Style Guide for AlgebraicJulia

The purpose of this document is to have a consistent style across AlgebraicJulia, for interests of maintainability and professionalism.

Folder structure

We follow the Julia project folder structure, where the most important elements are

  • A Project.toml file, describing dependencies and metadata.
  • A src directory. Most functionality should be implemented in this directory.
  • A test directory. Functionality implemented in src should be tested here.
  • A This should describe the purpose of the project.

Additional directories one might also use

  • A notebooks directory for explanatory notebooks.
  • A docs directory with Documenter.jl-generated docs.
  • A scripts directory with executable scripts. Note: these scripts should not contain many functions or types, they should be thin wrappers around functions from src. It is acceptable to develop some functionality in a script if that functionality is eventually migrated into src.

For most repositories in AlgebraicJulia, this should describe the top-level structure. However, some repositories might be multi-project. In that case, there is a top-level directory consisting of project directories, some of which may depend on each other.

Naming conventions

There are two ways of joining words together without spaces that are in use across AlgebraicJulia.

  1. UpperCamelCase, in which each word is capitalized, and then joined together without a separating character.

  2. lower_snake_case, in which each word is lowercase, and then joined together with underscores. The use of uppercase acronyms in lower_snake_case is tolerable but discouraged.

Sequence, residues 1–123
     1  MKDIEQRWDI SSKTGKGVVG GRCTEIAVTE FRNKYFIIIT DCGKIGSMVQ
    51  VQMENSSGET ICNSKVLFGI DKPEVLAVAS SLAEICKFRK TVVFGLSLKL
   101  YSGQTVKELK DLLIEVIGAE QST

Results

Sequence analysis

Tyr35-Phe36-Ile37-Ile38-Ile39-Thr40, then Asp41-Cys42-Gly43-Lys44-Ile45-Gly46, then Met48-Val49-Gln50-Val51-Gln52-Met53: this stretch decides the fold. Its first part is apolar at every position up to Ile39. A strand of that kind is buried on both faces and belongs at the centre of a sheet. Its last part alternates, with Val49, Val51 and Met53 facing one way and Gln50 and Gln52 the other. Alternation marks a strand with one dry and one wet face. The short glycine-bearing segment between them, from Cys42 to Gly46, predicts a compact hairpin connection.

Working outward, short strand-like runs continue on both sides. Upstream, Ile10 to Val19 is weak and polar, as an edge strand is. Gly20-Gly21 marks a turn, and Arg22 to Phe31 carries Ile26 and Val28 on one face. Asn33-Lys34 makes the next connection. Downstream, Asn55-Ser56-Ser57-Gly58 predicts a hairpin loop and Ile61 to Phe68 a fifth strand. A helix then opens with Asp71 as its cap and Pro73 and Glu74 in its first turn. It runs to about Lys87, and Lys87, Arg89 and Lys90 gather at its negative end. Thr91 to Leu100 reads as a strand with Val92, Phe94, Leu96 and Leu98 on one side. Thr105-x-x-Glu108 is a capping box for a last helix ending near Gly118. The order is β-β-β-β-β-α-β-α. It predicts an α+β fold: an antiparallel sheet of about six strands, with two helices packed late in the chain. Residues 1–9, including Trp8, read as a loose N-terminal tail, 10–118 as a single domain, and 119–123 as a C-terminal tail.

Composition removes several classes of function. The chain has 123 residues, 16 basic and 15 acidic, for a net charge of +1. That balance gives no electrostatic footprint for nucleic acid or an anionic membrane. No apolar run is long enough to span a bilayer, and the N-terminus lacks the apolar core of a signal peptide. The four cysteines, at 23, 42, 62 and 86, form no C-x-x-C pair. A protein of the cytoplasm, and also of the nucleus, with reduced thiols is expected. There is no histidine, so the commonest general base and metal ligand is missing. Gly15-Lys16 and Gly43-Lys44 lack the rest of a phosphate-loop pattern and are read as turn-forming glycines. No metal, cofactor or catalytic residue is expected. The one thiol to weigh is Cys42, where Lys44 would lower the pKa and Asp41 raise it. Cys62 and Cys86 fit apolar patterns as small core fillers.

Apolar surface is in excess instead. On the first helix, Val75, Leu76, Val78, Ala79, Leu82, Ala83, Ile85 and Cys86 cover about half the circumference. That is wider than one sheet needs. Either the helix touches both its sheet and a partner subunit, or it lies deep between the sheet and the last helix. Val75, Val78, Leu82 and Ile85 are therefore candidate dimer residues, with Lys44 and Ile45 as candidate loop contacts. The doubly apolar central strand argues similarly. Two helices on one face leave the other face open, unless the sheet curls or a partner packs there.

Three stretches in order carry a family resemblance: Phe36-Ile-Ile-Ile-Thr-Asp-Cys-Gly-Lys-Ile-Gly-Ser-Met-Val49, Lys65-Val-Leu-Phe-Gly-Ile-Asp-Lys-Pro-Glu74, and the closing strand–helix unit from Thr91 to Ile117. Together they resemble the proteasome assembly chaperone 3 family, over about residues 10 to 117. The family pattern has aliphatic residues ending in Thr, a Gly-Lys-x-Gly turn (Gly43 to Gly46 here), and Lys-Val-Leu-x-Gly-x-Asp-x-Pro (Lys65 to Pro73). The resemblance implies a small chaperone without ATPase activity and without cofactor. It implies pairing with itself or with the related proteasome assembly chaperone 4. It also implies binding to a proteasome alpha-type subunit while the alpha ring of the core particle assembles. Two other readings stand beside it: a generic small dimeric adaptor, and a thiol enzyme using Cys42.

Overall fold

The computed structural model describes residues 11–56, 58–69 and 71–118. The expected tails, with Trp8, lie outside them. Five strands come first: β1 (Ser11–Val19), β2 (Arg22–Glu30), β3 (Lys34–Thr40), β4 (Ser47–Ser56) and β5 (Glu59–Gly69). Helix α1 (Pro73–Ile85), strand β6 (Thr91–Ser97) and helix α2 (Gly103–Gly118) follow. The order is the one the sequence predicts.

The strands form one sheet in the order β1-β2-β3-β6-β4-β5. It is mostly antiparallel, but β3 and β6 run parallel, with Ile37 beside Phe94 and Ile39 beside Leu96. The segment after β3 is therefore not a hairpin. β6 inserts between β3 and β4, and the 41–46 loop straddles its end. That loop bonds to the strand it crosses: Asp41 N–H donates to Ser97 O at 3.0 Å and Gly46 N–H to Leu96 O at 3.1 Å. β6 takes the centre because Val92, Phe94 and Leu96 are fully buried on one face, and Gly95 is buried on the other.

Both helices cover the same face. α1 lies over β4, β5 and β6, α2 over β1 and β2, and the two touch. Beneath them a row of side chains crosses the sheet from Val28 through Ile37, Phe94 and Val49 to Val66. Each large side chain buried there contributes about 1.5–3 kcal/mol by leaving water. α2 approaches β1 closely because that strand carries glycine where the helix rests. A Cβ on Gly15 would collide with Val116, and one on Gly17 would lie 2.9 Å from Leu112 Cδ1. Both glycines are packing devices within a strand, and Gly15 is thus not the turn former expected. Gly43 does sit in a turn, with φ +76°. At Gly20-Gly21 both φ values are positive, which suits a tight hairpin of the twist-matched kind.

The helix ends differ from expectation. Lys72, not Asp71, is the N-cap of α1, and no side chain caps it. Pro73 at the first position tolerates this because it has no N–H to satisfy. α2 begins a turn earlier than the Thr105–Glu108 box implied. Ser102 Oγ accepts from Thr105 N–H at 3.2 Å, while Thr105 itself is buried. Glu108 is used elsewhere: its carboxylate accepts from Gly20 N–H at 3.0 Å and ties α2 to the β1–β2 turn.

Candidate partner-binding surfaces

Occasionally, it is also acceptable to join lowercase words together without underscores, e.g., setindex! instead of set_index!; judgement about readability and consistency should be used when making the decision to use underscores or not.

Here are some example of names that are not consistent with the AlgebraicJulia style.

  • camelCase
  • UpperCamel_and_snake
  • Dashed-name


Projects should be named using UpperCamelCase with a .jl suffix, e.g. AlgebraicPetri.jl or Semagrams.jl.

Files and directories

Directories should all be lower_snake_case, except for top-level directories that are named after projects.

Library julia files and test julia files should be named with UpperCamelCase. Scripts and notebooks should be lower_snake_case.

Julia values

Modules and types should always be UpperCamelCase. Functions should always be lower_snake_case, and ideally single words. Constants should be lower_snake_case, or occasionally SCREAMING_SNAKE_CASE (judgement should be exercised about use of SCREAMING_SNAKE_CASE). Fields of structs should be lower_snake_case, or ideally lowercase single words.

Arguments to functions should have short names, often just single letters. If your function is so specific that the arguments need to be described with long argument names, consider generalizing your function. If arguments need to be longer, then lower_snake_case should be used. Additionally, you can use types and comments to document what a variable is for instead of making the names long. Some examples:

f(a_natural_number) # BAD
f(n::Nat) # GOOD
f(graph, vector_of_weights) # BAD
f(g::AbstractGraph, v::AbstractVector) # GOOD

General style tips

See the official Julia style guide for general guidelines but note the following additions and exceptions:

  • Indent width is 2 spaces. For VSCode, go to settings and set Editor: Tab Size to 2.
  • Try to avoid lines longer than 80 characters. Occasionally it may be convenient to go over slightly, but never do so egregiously. To hard wrap docstrings in VSCode, the extension Rewrap adds the keybinding Alt+Q (as in Emacs).